No evidence that Covid-19 jabs increase risk of miscarriage, foetal anomaly

Those who are pregnant have since June 4 been able to register for Covid-19 vaccination under the national programme.
Those who are pregnant have since June 4 been able to register for Covid-19 vaccination under the national programme. PHOTO: ST FILE

SINGAPORE - There is no evidence of increased risks for mothers-to-be who take a Covid-19 vaccine, said experts.

Data from nearly 4,000 pregnant women in the United States showed there was no greater risk of miscarriage, foetal anomaly or pre-term labour, said Professor Tan Hak Koon from KK Women's and Children's Hospital (KKH).

Prof Tan, who is chairman of the hospital's division of obstetrics and gynaecology, spoke to The Straits Times after concerns were raised by five parents who wrote a letter to KKH last week.

The letter, which circulated in online chat groups, asked for evidence on vaccine safety from controlled clinical trials. Among other things, it said that "of particular concern" were the risks of miscarriages and birth defects.

The study Prof Tan cited looked at 3,958 pregnant women who were vaccinated from Dec 14 last year to Feb 28. Fifty-four per cent received the Pfizer-BioNTech jab, while the rest had the Moderna one.

The study was peer-reviewed and published in the highly regarded New England Journal of Medicine in April. Its findings indicate that there are no higher risks of adverse outcomes to mothers and their babies, and that the vaccine is safe to take at any point in pregnancy.

Prof Tan said that to assess whether the risks could be higher, comparison needs to be made with the baseline risk. The background risk for foetal anomaly is about 3 per cent to 3.5 per cent, he noted. For miscarriage, it is about 15 per cent, and for pre-term labour, it is 8 per cent to 12 per cent.

A pre-term birth refers to the birth of a baby before 37 weeks.

In the study, the rate of foetal anomaly reported was 2.6 per cent, Prof Tan said. For miscarriage, it was 13.5 per cent, and for pre-term labour, it was 8.6 per cent.

He said: "All these fall within the normal background risk."

He said that since the official launch on June 14 of vaccination for pregnant women at KKH, more than 80 bookings have been made with the hospital, which is an "encouraging" response.

Those who are pregnant have since June 4 been able to register for Covid-19 vaccination under the national programme. They were previously advised to hold off until more information was available.

The Ministry of Health (MOH) said on May 31 that the Expert Committee on Covid-19 Vaccination had reviewed data as inoculation was rolled out to pregnant women globally, and found no evidence to suggest that the Pfizer-BioNTech or Moderna shots could cause harm.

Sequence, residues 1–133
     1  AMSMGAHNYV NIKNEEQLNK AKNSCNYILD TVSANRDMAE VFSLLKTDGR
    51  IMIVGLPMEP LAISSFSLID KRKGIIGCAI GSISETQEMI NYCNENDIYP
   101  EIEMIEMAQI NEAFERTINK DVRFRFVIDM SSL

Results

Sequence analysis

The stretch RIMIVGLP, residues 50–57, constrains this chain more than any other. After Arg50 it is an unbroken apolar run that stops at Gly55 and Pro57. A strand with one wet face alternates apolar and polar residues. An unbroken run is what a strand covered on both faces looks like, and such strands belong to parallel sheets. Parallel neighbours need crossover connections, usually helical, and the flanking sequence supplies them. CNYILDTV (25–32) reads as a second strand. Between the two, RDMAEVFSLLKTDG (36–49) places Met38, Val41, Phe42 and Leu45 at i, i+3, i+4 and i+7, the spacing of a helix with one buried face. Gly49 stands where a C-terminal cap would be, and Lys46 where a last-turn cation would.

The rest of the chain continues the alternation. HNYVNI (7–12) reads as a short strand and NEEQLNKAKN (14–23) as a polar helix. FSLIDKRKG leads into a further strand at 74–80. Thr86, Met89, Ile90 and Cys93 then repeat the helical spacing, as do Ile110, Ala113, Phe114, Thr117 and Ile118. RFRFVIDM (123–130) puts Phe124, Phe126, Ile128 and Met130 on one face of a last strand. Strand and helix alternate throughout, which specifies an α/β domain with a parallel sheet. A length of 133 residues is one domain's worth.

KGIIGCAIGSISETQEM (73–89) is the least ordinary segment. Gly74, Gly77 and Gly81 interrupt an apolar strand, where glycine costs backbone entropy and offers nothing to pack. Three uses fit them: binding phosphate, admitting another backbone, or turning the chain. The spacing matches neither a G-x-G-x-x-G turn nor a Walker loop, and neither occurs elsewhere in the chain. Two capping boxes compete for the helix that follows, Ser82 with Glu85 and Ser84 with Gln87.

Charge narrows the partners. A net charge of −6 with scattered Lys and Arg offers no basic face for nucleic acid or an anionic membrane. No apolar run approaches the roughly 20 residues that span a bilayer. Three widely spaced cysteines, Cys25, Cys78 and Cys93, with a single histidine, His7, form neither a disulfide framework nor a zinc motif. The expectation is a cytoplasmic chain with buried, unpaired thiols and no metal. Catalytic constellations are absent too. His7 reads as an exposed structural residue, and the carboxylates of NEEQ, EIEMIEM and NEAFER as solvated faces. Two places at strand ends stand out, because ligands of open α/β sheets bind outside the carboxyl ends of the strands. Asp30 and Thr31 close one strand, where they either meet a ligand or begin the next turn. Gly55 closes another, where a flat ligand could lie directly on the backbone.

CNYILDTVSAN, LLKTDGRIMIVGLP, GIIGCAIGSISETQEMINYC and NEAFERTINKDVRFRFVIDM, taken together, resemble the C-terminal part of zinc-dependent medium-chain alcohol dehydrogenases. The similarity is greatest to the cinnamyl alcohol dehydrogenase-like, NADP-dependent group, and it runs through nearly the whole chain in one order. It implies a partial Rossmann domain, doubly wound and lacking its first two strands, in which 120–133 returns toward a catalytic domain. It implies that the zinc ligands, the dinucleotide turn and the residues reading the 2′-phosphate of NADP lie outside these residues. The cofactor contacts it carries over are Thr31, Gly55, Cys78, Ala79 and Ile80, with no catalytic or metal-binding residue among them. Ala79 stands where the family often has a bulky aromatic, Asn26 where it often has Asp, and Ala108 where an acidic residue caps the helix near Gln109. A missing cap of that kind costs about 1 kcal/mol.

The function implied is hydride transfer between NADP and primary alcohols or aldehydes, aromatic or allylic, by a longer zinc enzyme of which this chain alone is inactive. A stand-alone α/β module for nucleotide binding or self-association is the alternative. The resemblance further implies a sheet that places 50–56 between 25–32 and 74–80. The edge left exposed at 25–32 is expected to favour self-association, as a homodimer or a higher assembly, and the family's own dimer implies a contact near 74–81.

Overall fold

However, as the amount of data collected from this population segment is still much smaller compared with that from the general population, the ministry advised mothers-to-be to discuss the matter with their doctors.

MOH said the vaccine was safe for women who were breastfeeding, with no need to suspend it if they wanted to get the jab.

Prof Tan said that the risk of vaccination has to be considered against that of getting Covid-19.

"Because of physiological changes during pregnancy, pregnant women are less able to tolerate any respiratory infection, not just Covid-19, but also flu and pneumonia, for instance," he said.

The College of Obstetricians and Gynaecologists Singapore and the Obstetrical and Gynaecological Society of Singapore told ST in a joint statement last Friday (June 18) that there is published data showing that pregnant women who become infected with Covid-19 are at higher risk of developing severe illness.

They are thus more likely to require admission to an intensive care unit, mechanical ventilation and oxygen treatment.

The babies may also need to be delivered early to help the mothers' heart and lung functions.

"This means that symptomatic Covid-19 pregnant women are twice more likely to have pre-term births, and their babies are also more likely to need admission to the neonatal intensive care unit," the joint statement said.

It added that while there are to date no published clinical trials of Covid-19 vaccines that included pregnant women, Pfizer and BioNTech had completed a developmental and reproductive toxicity study that showed no evidence of fertility or reproductive toxicity in animals.

An MP for Sengkang GRC, Ms He Ting Ru, who gave birth last December and had her first Covid-19 jab last week, said she had been concerned over whether it was safe for her youngest son, who is fully breastfed, if she took the vaccine.

With the revised guidelines from MOH for pregnant and breastfeeding mums, she consulted her doctor, who gave her the go-ahead.

"There is a lot of misinformation out there, but we are facing a serious pandemic and should do our part to protect segments of the population by getting vaccinated if we are able to," said the mother of three.

A total of 38,590 babies were born in Singapore last year.